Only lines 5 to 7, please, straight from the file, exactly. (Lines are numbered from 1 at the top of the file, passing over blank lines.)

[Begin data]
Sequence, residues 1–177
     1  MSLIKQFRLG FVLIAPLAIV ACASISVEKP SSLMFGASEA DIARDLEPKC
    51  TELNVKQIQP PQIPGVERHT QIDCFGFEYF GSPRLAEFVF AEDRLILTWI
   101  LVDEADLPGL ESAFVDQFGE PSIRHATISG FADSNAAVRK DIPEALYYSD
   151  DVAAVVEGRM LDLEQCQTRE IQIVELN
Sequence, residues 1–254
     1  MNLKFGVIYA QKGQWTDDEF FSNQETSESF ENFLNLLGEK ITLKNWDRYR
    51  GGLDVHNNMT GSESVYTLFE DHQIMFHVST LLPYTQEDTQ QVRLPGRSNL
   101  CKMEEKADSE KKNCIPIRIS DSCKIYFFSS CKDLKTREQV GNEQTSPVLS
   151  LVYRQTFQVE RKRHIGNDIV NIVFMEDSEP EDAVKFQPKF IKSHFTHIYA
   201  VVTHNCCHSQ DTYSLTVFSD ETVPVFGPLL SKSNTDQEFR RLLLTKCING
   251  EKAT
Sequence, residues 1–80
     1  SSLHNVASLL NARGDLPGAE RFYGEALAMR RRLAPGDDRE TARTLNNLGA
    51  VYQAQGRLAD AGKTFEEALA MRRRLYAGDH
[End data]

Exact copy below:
   151  DVAAVVEGRM LDLEQCQTRE IQIVELN
Sequence, residues 1–254
     1  MNLKFGVIYA QKGQWTDDEF FSNQETSESF ENFLNLLGEK ITLKNWDRYR